Kid Auto Races at Venice
R: Henry Lehrman. K: Enrique Juan Vallejo, Frank D. Williams. D: Charles Chaplin (uncredited), Henry Lehrman. P: Keystone Film Company (Mack Sennett). USA 1914
Chaplins first appearance as tramp
“What’s notable about the film and can be said for precious little that made us laugh a century ago is that it’s still so fresh and funny. It holds great historical value, obviously, but the film also has an off-the-cuff energy that is often lacking in the under-cranked chases and knockabout slapstick that has caused other Keystone shorts (including those Chaplin would follow it with) to age comparatively poorly. Much of this is attributable to the circumstances of the shoot an improvised production (on a stolen location, basically) that Lehrman would later say was knocked out in the space of about an hour. So with no plot, no script, and no time, what we’re witnessing is the purity of comic craft, put across in the specificity of Chaplin’s pantomimes, his interactions with the camera, and (most remarkably) his crackerjack comic timing.” Jason Bailey FLAVORWIRE
The Evidence of the Film
R: Lawrence Marston, Edwin Thanhouser. D: William Garwood, Florence La Badie, Marie Eline. P: Edwin Thanhouser. USA 1913
Print: Library of Congress
“The Evidence of the Film is a particularly clever and unusual early example of a fictional dramatic movie with filmmaking as a subject. The portrayal of a movie crew that just happens to be at work on a street corner is accurate. The director is seen consulting a shooting script, something a Thanhouser director would do but probably not another studio’s director. The film laboratory and editing scenes are of enormous interest as historical document as well as ingeniously integrated in the crime tale.” Thanhouser Company Film Preservation, Inc.
When the Studio Burned
R: Lawrence Marston. B: Lloyd F. Lonergan. D: Marguerite Snow (as herself), Helen Badgley (herself), Marie Eline (herself), James Cruze (himself), Justus D. Barnes, Mrs. Gerald Badgley. P: Edwin Thanhouser. USA 1913
“A dramatization of the January 13, 1913 Thanhouser studio fire, but not utilizing any actual film footage from the day of that event, for the camera crew had arrived too late. The action centers about the fictional depiction of Marguerite Snow‘s rescue of ‘The Thanhouser Kidlet’. (In real life, Marguerite Snow was at lunch in her apartment away from the studio when the fire occurred.) The picture was made to capitalize on the nationwide publicity engendered by the fire. Highly fictionalized accounts of the fire were published in various newspapers, the article from ‘The Dayton Journal’, reprinted in the narrative section of the present work, being representative. (…) In the creation of this film, Thanhouser may have taken a leaf from the notebook of P.A. Powers, whose studio was destroyed by fire in 1911. Snatching victory, of a sort, from the jaws of defeat, the Powers Picture Plays Co. created a film from the incident, The Powers Fire, advertised as follows: ‘The peer of motion picture realism – The Powers Fire – in which the entire plant of the Powers Picture Plays Company was consumed by flames, at a net cost to us of $150,000, will be released on Tuesday, July 25 .'” Thanhouser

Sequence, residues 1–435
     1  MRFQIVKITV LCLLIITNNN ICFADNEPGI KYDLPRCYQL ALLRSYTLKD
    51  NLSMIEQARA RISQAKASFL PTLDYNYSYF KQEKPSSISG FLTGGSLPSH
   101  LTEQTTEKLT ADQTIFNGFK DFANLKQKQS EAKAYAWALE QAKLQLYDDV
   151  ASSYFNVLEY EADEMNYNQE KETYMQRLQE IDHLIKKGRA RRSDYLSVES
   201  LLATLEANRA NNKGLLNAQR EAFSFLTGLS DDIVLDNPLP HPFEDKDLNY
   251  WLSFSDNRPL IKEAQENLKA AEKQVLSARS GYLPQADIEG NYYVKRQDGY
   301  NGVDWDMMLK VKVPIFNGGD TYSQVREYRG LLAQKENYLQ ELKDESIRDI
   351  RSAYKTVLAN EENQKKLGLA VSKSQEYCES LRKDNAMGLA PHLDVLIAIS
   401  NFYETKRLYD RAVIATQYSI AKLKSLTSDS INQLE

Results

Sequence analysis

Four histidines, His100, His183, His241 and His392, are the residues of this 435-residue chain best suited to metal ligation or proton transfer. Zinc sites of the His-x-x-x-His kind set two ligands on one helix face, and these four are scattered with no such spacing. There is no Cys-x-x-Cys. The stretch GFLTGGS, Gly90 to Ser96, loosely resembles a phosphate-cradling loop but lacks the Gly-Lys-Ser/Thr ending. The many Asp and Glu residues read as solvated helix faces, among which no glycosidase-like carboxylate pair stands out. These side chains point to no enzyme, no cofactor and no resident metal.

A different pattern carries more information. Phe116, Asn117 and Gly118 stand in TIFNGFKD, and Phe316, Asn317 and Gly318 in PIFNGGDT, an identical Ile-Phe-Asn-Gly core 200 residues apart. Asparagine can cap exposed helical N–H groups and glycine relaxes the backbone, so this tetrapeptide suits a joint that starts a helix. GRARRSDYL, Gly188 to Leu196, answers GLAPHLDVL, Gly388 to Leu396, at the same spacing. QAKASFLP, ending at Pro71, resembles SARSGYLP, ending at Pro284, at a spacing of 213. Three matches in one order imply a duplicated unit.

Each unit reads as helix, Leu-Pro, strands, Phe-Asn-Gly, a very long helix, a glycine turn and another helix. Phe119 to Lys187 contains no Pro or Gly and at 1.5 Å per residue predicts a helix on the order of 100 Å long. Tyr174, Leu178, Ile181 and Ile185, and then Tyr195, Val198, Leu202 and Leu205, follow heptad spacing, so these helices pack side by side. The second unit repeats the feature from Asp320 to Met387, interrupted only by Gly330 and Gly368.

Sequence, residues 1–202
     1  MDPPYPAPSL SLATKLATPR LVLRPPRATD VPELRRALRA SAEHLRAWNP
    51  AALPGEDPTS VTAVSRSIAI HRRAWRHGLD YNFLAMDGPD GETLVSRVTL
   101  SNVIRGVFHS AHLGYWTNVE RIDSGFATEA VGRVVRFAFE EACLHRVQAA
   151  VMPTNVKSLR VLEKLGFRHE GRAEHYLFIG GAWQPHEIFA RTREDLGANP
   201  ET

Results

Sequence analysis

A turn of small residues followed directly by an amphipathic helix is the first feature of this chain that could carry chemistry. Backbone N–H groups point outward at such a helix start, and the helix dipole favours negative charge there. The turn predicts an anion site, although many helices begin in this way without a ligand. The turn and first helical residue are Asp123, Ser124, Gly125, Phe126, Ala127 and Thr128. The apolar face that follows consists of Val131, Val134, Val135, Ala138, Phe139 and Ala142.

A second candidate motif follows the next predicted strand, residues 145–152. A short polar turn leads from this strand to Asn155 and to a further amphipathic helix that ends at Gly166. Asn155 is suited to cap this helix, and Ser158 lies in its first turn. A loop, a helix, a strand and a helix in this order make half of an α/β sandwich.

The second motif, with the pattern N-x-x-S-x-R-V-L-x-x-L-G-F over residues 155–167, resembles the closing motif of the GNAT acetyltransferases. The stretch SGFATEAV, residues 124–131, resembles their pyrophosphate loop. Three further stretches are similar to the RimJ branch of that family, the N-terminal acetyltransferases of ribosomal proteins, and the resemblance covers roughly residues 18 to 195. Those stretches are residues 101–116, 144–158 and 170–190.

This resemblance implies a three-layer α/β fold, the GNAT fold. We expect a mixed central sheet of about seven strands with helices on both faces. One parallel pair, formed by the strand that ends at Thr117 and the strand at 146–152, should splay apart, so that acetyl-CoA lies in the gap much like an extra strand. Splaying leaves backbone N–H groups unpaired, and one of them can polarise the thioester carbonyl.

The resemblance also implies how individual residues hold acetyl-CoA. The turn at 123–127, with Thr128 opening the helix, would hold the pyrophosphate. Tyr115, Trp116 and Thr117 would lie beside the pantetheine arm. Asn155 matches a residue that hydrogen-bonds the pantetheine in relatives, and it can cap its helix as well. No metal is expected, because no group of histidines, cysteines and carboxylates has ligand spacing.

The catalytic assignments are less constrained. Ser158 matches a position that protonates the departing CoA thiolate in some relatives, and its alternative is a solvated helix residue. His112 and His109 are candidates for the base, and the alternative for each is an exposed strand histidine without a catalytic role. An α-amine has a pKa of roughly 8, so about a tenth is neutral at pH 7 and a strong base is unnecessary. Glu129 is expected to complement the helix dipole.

The Last Volunteer
R: Oscar C. Apfel. D: Eleanor Woodruff, Paul Panzer, Robert Broderick, Irving Cummings. P: Pathéscope Company of America. USA 1914
Kopie: Deutsche Kinemathek – Filmmuseum Berlin
Eine Produktion der Pathé-Niederlassung in den USA, gedreht im Sommer 1914, uraufgeführt am 22. August 1914 in den USA. In einem Phantasieland des feudalen Europas regiert ein liebestoller Duodezfürst, dessen Geliebte aus Versehen den Botschafter des Nachbarlandes erschießt. Der Krieg ist unvermeidlich. Viel Aufregung und Pulverdampf. Schließlich startet ein Doppeldecker, Bomben kommen zum Einsatz. Die feindlichen Artilleriestellungen werden aus der Luft zerstört. Im realen Kriegsgeschehen werden von einem deutschen Zeppelin am 6. August 1914 über Lüttich, am 24. August über Antwerpen erstmals Bomben aus der Luft abgeworfen. (KK)
TRAUM UND EXZESS, S. 353 f.
“It was still possible in the early months of 1915 for an American film company to turn out a piece of pro-German propaganda like The Last Volunteer. Eleanor Woodruff stars as Katrina, a courageous mittel-European innkeeper’s daughter who doubles as an anarchist. Despite her anti-royalist sentiments, Katrina falls in love with Teutonic prince Paul Panzer. When war breaks out, she firmly casts her lot with the Prince, volunteering to raise signal flags which will alert the army whenever the monarch is in danger. So devoted is she to her beloved prince, that Katrina ends up sacrificing her own life to save his.” Hal Erickson ALLMOVIE
“The Voisin III was a French two-seat bomber and ground attack aircraft of World War I, one of the first of its kind. It is also notable for being the first Allied aircraft in the war to win an aerial fight and shoot down an enemy aircraft.” World Air War History
Sur la route de Cernay
Actualités Francaises. Fr 1914
Print: Cinémathèque Royale de Belgique
“A short report on the strategic importance of the trenches near the village of Cernay. These started in the outskirts of Reims and ran through houses and gardens to get to the frontlines of the battlefield.” European Film Gateway
Sturmzeichen R und B: Willi Zeyn. D: Hanni Weisse, Erwin Fichtner. P: Projektions-AG Union (PAGU). D 1914 Kopie: Deutsche Kinemathek-Filmmuseum Berlin
Sonntag, 2. August 1914 (Zum historischen Hintergrund dieses Films)
– Mobilmachung im Deutschen Reich
– Deutsches Ultimatum an Belgien mit der Forderung nach freiem Durchmarsch.
– Deutscher Einmarsch in Luxemburg
– Französische Truppen überschreiten die Grenze des Oberelsass und besetzen mehrere Dörfer.